The strategy includes around 40 new measures. These include:

    • Improved Armed Forces Compensation Scheme. The upfront lump sum compensation payment for the most serious injuries suffered by our soldiers, sailors and airmen in the course of their duties will be doubled. This is in addition to the index-linked, tax-free guaranteed income payment which, for example, might be worth £20,000 pa for life to a seriously injured 25-year-old. Combined, the increased lump sum and the ongoing guaranteed income payment wil take maximum individual total compensation to in excess of £1.5 millon;

    • Retention of NHS waiting list places across the UK. Service families will, all things being equal, retain their relative place on NHS waiting lists wherever they move to in the UK;

    • Free further or higher education for Service leavers. For Service leavers with more than six years' service, the Government will fund in full the tuition fees for either a first Level 3 (broadly A level or vocational equivalent) or a first Foundation or full degree;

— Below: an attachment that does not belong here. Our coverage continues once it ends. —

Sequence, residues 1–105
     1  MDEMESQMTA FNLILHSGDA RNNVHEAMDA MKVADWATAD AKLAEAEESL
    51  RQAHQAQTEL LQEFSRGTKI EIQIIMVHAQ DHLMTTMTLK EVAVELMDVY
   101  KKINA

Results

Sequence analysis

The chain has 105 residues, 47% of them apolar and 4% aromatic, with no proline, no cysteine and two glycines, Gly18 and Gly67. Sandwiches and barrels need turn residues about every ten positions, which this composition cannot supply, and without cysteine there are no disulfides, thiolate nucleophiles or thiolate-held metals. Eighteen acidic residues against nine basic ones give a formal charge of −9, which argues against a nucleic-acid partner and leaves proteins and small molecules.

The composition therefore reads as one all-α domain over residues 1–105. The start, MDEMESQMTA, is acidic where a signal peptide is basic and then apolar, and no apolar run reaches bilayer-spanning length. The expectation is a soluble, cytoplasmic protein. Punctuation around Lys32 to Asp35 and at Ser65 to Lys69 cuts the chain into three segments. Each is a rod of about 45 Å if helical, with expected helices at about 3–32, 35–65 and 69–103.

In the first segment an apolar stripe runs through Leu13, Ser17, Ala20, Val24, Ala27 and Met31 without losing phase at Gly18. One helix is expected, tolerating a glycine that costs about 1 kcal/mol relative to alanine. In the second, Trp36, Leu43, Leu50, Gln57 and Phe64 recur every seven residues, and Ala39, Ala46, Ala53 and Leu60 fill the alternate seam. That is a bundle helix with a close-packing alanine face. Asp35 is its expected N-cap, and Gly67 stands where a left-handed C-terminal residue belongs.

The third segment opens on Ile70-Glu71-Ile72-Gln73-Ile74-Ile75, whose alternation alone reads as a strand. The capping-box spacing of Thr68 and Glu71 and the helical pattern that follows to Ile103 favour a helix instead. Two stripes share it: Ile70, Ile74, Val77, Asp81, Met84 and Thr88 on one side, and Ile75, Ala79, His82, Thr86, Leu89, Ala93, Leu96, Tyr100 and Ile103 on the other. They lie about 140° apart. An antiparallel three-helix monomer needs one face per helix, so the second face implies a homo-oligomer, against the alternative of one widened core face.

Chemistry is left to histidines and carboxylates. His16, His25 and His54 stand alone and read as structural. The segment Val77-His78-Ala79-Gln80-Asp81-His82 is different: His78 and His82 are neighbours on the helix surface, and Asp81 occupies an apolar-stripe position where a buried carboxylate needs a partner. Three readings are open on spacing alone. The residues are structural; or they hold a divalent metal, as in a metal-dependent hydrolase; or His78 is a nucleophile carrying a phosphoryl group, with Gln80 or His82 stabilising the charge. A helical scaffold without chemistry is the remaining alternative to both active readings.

• Improved access to educational opportunities for Service children. Including uninterrupted Special Educational Needs support and a review of admissions policy which will ensure that Service children are not disadvantaged in the allocation of school places;

    • Expansion of options for finding homes. Steps to make it easier for Service leavers to find a home, either through the purchase of their own properties or through improved access to social housing;

    • Improved support to Foreign and Commonwealth personnel. Dependants of F&C Service personnel will be eligible to apply for settlement when the Service member has completed five years' service.

    Speaking at the launch of the strategy in London, Defence Secretary Des Browne said:

    "Our Armed Forces are truly inspiring – every day they risk their lives to keep us safe – and it is a fundamental duty of government to support them and their families. I think this Command Paper presents a package of measures that will make a real difference to the everyday lives of our forces and their families.